Sam Lane

Sam completed a Masters of Brain and Mind Sciences from the University of Sydney, following a Bachelor of Science (Biochemistry/Computer Science) from the ANU. As a PhD student in the Medicinal Chemistry & Drug Discovery research group, his current project involves the development of 3D, human iPSC-derived models for the modelling of brain disorders. The focus of this project involves the investigation of vascular pathology in Alzheimer's Disease.

Previously, Sam held a Research Assistant position in the Medicinal Chemistry & Drug Discovery research group where he performed pre-clinical animal research investigating the transcriptomic and proteomic changes induced by a novel anti-addictive agent. He also explored the potential of novel cannabinoids in the imaging and treatment of neuroinflammation. Before this, Sam's Master's project focused on the binding and functional activity of novel CB2 ligands on microglial polarisation for potential development as imaging/therapeutic agents for neuroinflammation.

Forefront Group: Medicinal Chemistry & Drug Discovery


Prof. Michael Kassiou, Dr. Eryn Werry, Dr. Martin Engel

Affiliate Organisations:

University of Sydney, Inventia Life Sciences

Neurodegeneration of interest:



  • Alzheimer’s Disease
  • 3D cell culture
  • Disease modelling

Specific Skills:

  • Stem cell culture and differentiation
  • 3D cell culture
  • Immunofluorescence imaging
  • Radioligand binding
  • Various activity assays
  • Rodent handling
  • RNA/protein extraction and purification
  • R programming, and bioinformatic data analysis

Project - Development of vascularised human brain models to improve translation in Alzheimer’s disease drug discovery

Expected completion: 2023

Disease area:

Dementia, AD

Research Project Description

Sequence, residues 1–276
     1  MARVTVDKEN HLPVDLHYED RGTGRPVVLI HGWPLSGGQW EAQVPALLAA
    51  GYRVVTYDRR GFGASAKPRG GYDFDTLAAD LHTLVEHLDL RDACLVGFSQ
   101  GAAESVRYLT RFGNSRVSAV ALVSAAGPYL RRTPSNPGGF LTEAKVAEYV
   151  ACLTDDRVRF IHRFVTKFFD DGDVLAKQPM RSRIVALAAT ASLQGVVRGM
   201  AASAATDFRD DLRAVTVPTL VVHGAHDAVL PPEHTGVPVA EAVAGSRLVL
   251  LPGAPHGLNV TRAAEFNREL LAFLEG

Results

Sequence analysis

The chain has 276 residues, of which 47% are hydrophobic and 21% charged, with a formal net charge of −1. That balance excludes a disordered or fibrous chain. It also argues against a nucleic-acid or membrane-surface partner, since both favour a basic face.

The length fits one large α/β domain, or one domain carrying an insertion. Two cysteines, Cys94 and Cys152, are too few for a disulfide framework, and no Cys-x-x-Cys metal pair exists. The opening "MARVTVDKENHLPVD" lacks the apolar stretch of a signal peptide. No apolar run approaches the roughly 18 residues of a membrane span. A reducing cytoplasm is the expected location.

Alzheimer’s Disease (AD) is the most prevalent form of dementia, and as our global population ages, the personal, societal and economic burden of this disease is rapidly increasing. Despite its prevalence, the underlying mechanisms of AD are poorly understood, partially because current in-vivo and in-vitro models used to model this disease are inadequate. 2D in-vitro models do not provide a sufficiently tissue-like environment, causing structural and functional differences in the cultured cells. While animal models can provide an enriched 3D environment, species differences in genetic background and tissue complexity impair the translatability of results, and this is underscored by the lack of disease-altering therapies resulting from these studies.

Recent advances in stem cell technology and 3D cell culture have allowed researchers to observe human derived cell types in more human tissue-like conditions, providing a platform to better understand complex diseases. This project aims to harness these technologies together with gene editing, confocal microscopy and other techniques, to develop models that can improve translatability in Alzheimer’s research. In working with Inventia Life Sciences, access to a novel 3D bioprinter allows the rapid and accurate seeding of various brain cells in matrices that allow the investigation of vascular pathology in AD.